Chocolate Psychology

What is it about that simple, brown, boring looking little block that makes people fall all over themselves?

Seriously! Chocolate could take over the world if it wanted to. It has so much control! The effect it has on us, seems to be quite profound.

I have heard that some people that “they can’t live without chocolate” or are “addicted to chocolate”.  Others are “in love with chocolate”, in a “serious relationship with chocolate” and it “beats any man”. For some, chocolate is “better than sex” and still others find that “no matter what happens, chocolate will make it all better”. My personal favourite is: “It’s that time of the month, give me chocolate or I’ll kill you”.

Whether chocolate is an occasional treat, a regular occurrence or just part of your menstrual cycle, most people would agree that there is something about that simple little decadence that has us all in a trance. I’ll be the first to admit that I have, on occasion, found myself sitting on the lounge at night thinking “gosh… I could go some chocolate” and eaten more than my fair share for no good reason at all except that I’m really enjoying it and it tastes so good.

Research tells us that chocolate is the most commonly craved food and is considered one of the favourite foods to be consumed during emotional eating.

So what’s the deal? Does chocolate contain some mystical ingredient that enslaves us upon consumption? Is it really addictive, or are we simply making excuses for our distinct inability to say “no”.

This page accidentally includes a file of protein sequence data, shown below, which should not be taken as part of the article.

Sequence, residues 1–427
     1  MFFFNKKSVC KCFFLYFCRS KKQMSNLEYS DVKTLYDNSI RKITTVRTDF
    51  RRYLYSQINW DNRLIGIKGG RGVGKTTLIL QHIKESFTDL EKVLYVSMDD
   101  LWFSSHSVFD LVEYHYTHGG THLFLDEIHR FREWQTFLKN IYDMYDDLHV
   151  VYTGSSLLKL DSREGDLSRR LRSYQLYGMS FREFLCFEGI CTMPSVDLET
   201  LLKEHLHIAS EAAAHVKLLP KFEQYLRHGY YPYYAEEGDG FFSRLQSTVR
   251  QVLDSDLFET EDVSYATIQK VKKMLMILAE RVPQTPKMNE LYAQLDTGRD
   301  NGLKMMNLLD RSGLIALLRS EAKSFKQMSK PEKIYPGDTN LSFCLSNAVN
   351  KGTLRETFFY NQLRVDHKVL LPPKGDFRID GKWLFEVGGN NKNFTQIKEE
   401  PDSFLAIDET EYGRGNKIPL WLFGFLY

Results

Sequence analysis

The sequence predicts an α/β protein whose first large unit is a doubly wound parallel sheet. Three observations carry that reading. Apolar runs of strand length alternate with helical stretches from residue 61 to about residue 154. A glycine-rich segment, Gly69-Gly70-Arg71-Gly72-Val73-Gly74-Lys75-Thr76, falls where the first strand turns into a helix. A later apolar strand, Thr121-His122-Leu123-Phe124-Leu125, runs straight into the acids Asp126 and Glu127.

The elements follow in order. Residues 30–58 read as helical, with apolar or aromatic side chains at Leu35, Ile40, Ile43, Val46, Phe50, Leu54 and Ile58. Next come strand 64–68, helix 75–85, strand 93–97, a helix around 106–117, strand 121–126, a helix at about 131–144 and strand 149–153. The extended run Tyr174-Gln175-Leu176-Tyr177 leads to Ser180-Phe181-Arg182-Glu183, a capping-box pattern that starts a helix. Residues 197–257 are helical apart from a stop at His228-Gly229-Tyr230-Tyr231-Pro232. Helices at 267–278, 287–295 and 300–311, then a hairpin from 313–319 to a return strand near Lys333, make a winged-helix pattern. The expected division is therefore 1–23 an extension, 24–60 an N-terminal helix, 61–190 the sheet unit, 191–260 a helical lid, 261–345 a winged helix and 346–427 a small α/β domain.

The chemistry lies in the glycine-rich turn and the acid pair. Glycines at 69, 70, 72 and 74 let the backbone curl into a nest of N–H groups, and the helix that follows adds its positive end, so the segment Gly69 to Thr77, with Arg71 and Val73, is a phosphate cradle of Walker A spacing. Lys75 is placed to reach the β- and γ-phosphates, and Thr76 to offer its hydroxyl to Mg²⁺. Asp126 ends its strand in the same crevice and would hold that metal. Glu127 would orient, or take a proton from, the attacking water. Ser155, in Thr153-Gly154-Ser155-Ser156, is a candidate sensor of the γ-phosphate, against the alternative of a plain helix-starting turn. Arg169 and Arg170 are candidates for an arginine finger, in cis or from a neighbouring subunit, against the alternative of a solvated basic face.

The History of Chocolate

Cacao (the dried, partly fermented seeds of the cocoa plant) has been used by many cultures, throughout the world for close to 4000 years. However, it wasn’t used in confectionery until 1828 and commercially produced as ‘chocolate’ until 1847. Milk chocolate was then invented by the Swiss in 1876. It’s been with us ever since.

Health Benefits?

Over the years there has been much talk over the antioxidant properties of chocolate and debate over it’s overall health benefits.

In truth, cocoa contains more than 200 compounds thought to be beneficial to human health. Of greatest interest are polyphenols and in particular flavanol. Cocoa has the highest flavanol content of all foods on a per-weight basis. Flavanols are powerful antioxidants that have beneficial effects on blood clotting, protection from damaging chemicals (free radicals), the immune system and many other body systems.